The Lotto Matrix: Sports Betting Dinging Mass Scratcher Sales, Powerball Jackpot Winner on The Run, More

Christian Holmes

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lottery results roundup

Welcome to this week’s “Lotto Matrix,” a weekly Friday compilation of the lottery industry’s most significant, interesting, or absurd happenings.


Some lottery operators have believed the proliferation of online sports betting, under certain circumstances, might hurt their business. Some players might determine their odds of winning at sports betting would be way better than playing the lottery. Or the simple ease of access would siphon business in a state like Massachusetts where the lottery is not yet authorized to sell “digital instants,” the online equivalent of a scratch-off ticket.

Early indications show that sports betting may be having a real impact on Massachusetts Lottery sales. Originally, lottery officials thought bringing back some $50 scratch-off tickets would excite the customer base and drive up revenue. And it did have some effect.

 “We couldn’t control that all of a sudden we had sports betting as a competitor that was doing $6 billion, $5 billion in sales,” Lottery Director Mark William Bracken told local news outlet MassLive this week.

Bracken’s data reported during Tuesday’s Lottery Commissioner’s meeting underlined the scope of the challenge facing the Lottery. First things first, it’s not all doom and gloom.

According to MassLive, “The Lottery saw its net profits rise by $83.1 million, or 2%, in fiscal 2024, with sales totaling $4.2 billion over the same eight months last year. The agency reported a monthly estimated profit of $101.4 million, compared to $95.3 million last year.”

Now the bad.

The lottery reported $478.3 million in sales in February, a decrease of $35 million, or 6.8%, compared to February 2023. Bracken said the lottery’s year-to-date net profit of $777.9 million was an estimated decrease of $28.4 million from last year.

It’s not a great sample but scratch-off tickets aren’t thriving at present, either. What accounts for nearly 65% of the Lottery’s revenue slipped about 41.1 million last month compared to the $363.8 million it brought in sales for February 2023, when it introduced its first $50 scratch ticket game.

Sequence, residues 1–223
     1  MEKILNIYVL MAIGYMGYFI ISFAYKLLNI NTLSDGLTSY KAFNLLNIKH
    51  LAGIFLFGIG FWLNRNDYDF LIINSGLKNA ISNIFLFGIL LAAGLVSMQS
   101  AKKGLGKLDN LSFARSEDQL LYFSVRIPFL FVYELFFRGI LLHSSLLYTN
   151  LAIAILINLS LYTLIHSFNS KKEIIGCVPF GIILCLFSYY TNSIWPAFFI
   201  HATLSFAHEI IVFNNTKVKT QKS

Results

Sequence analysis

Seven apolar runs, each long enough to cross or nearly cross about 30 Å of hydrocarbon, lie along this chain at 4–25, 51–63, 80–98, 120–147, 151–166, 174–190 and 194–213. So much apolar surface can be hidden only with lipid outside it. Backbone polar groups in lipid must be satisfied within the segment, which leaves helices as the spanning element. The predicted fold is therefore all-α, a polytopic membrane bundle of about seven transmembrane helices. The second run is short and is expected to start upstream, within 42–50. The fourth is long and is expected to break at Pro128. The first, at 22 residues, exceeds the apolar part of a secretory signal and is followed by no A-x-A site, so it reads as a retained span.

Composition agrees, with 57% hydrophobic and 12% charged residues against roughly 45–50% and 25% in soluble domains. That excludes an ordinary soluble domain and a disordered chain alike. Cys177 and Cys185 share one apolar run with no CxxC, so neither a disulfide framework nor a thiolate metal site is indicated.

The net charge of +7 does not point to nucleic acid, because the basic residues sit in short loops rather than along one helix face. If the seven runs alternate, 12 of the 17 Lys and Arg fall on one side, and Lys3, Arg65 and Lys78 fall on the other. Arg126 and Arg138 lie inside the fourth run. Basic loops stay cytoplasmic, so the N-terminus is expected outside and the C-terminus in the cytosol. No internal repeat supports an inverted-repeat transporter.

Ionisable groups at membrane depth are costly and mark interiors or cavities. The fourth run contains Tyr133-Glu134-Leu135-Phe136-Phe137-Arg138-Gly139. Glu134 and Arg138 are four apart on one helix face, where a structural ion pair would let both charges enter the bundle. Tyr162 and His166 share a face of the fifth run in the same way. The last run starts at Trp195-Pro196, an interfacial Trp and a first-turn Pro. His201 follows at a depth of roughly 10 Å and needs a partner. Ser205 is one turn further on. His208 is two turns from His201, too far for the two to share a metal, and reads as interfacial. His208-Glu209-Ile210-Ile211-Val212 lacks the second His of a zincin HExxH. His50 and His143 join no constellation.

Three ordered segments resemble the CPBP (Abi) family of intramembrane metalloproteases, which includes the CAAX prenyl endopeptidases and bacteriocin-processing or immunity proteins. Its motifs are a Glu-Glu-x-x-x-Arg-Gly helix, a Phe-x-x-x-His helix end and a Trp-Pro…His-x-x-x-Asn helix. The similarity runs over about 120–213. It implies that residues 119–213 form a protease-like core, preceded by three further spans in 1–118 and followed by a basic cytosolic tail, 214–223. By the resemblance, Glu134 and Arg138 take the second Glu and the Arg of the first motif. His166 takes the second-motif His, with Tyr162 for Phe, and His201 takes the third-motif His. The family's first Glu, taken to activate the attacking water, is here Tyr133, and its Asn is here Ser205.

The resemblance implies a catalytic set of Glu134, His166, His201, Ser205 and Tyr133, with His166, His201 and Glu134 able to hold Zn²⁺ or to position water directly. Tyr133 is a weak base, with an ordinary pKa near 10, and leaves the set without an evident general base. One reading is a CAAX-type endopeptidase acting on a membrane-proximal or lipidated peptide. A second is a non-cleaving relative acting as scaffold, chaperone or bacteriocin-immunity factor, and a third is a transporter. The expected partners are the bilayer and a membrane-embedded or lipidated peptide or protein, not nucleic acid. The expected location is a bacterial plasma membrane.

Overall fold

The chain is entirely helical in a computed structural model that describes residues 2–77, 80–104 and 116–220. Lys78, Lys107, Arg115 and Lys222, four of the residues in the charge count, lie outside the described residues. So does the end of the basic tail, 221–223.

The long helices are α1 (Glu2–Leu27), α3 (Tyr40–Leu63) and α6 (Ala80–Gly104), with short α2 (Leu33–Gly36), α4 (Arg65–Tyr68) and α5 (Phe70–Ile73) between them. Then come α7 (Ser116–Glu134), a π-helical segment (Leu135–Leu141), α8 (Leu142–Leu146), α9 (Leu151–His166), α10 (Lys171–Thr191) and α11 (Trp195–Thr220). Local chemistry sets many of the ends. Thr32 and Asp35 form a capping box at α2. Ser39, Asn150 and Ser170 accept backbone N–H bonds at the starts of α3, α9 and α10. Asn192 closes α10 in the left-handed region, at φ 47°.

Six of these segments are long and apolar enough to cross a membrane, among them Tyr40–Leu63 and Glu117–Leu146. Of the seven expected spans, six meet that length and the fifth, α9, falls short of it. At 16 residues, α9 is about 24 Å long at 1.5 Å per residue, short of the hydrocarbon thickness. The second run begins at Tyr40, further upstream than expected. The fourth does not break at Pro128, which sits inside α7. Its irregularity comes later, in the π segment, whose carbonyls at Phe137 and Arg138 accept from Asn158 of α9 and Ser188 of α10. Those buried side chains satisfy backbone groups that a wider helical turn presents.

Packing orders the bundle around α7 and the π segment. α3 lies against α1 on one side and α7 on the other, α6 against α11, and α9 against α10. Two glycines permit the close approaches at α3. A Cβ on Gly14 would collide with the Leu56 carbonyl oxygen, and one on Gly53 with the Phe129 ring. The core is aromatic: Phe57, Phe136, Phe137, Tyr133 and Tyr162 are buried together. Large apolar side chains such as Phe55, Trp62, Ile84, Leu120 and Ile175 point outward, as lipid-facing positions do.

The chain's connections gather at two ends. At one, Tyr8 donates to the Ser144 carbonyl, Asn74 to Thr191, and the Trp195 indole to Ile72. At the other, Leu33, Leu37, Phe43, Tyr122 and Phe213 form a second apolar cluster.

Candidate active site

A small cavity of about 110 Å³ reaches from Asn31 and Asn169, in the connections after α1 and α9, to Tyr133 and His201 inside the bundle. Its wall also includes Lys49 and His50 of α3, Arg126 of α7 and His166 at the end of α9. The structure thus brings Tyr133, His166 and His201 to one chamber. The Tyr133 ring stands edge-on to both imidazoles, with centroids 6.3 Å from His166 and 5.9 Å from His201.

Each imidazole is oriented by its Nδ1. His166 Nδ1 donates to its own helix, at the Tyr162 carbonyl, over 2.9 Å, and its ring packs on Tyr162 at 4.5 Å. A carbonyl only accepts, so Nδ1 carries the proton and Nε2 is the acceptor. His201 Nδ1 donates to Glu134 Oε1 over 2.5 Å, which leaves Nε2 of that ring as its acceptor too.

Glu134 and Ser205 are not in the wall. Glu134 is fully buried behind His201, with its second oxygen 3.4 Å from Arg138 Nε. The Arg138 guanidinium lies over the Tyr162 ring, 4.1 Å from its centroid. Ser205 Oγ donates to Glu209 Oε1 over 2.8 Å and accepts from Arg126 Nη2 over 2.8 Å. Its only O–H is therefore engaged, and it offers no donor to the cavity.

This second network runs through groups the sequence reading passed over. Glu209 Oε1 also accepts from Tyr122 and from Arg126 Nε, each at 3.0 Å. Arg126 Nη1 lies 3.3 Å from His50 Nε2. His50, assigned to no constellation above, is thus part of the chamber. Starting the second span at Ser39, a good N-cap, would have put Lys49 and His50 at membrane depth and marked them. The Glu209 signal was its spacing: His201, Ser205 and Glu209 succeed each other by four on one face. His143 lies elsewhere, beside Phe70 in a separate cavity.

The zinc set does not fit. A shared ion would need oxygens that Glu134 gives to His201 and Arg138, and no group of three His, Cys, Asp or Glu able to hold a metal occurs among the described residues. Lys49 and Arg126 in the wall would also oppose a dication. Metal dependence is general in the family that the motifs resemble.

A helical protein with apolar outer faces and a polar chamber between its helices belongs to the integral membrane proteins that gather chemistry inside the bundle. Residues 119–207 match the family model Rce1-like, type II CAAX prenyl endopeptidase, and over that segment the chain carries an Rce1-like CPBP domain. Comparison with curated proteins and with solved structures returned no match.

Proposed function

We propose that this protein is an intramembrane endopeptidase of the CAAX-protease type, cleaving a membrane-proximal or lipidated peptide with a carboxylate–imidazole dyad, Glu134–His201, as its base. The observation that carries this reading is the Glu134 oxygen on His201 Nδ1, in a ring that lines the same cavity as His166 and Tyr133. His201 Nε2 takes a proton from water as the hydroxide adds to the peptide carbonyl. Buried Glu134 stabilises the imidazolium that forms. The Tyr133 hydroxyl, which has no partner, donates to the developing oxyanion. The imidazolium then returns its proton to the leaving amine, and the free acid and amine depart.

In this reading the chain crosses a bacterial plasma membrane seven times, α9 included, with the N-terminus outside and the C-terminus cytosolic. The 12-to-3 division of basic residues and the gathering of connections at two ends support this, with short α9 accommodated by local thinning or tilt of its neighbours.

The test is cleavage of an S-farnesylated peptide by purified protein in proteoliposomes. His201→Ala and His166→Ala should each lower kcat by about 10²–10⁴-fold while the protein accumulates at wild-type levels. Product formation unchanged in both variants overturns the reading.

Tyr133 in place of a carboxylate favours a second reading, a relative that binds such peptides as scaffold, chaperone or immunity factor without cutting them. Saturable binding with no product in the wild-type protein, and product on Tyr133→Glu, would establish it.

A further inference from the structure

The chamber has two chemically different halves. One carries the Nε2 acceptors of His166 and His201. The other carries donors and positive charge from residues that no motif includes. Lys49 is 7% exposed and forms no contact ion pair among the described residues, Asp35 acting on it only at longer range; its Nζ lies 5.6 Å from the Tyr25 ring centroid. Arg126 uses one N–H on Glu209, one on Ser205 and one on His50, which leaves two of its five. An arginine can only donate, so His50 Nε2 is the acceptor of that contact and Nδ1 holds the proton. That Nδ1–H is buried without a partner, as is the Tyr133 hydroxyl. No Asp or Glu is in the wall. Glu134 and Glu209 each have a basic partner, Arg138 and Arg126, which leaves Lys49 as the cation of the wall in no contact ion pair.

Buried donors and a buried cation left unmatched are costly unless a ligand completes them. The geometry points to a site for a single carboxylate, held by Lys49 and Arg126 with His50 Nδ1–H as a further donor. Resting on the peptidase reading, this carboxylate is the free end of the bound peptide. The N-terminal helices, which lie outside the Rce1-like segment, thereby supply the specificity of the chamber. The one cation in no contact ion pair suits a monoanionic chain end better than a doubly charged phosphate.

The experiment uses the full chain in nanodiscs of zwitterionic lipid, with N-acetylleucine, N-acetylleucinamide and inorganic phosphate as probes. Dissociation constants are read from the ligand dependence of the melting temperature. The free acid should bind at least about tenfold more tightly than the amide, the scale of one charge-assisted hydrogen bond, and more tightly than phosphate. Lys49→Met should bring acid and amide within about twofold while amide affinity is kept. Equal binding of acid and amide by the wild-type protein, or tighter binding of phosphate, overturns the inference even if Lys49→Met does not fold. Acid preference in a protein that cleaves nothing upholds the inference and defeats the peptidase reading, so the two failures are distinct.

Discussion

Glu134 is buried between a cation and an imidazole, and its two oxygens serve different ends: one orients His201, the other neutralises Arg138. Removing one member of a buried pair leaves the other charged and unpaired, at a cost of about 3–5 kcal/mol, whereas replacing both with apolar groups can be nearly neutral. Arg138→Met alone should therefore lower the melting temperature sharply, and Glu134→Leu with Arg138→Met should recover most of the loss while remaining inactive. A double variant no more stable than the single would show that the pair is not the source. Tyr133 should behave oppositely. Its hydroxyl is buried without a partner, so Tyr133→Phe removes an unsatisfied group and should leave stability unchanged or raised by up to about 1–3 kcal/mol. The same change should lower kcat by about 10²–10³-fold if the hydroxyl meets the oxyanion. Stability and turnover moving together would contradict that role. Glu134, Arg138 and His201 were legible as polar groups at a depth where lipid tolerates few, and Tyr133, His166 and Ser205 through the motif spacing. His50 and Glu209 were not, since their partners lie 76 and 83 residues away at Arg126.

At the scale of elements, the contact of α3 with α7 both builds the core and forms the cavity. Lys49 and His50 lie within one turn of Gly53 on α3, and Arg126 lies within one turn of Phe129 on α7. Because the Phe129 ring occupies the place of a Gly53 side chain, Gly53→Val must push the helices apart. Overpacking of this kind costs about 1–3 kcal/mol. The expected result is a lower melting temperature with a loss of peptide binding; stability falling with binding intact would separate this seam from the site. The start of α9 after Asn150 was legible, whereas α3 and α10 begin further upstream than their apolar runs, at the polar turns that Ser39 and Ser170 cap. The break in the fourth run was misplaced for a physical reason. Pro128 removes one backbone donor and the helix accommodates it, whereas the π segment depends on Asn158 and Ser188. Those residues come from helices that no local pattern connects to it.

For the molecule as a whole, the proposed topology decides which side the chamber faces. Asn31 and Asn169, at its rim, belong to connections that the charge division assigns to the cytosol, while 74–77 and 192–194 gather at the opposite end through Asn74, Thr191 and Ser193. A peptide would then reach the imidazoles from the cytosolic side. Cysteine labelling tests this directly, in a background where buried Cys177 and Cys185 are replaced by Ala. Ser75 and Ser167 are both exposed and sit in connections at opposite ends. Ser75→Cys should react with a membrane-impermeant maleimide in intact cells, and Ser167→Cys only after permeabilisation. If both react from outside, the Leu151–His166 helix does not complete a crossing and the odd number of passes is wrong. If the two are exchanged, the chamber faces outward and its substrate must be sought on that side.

“As we’ve always said, we’re not anti-sports betting,” he said. “But the issue that we’ve talked about many times, is the sports bettors can offer that convenience of being able to play on your phone.”

Jackpocket’s acquisition by DraftKings didn’t soften his views on the subject, as the sports betting competition is now carrying a lottery product, making for an uneasy dynamic.

“If we had online lottery, we’d be able to do what they call ‘electronic instant tickets’… [What we call] the ‘instant’ ticket really isn’t instant anymore,” the director said.

Security detail?

At first, Struyck put a “NO TRESPASSING” sign up on his property. However, it didn’t stop sketchy people from trying to sneak a peek. Problems slowly escalated once his name became heavily publicized by the California Lottery

California laws state that a jackpot winner can’t remain anonymous. Their name and age are shared with the world, as is their general location. With the evolution of technology, it doesn’t take much for a person with ill intent to look up someone like Struyck and plan their next moves. 

Luckily, Struyck has some backup. Speaking to the media, Dan Perry, a neighbor and owner of a local fireworks shop, said, “If he needs any security, he’ll be fine. I have Jake here [his dog], and we’re cheap.”

Fellas like Perry have also gone on the record saying if Struyck were to donate some money to the town, he’d have a lot more help with concealment issues. 

“This town needs every bit of help it can get,” the business owner said. “It’s one of those rural towns in California that’s kind of neglected by [state capital] Sacramento, the economy has been down for years.

“It would be great if he could open a business or something like that, but if I lived here, I’d get the hell out, get a nice little place in Santa Barbara or something.”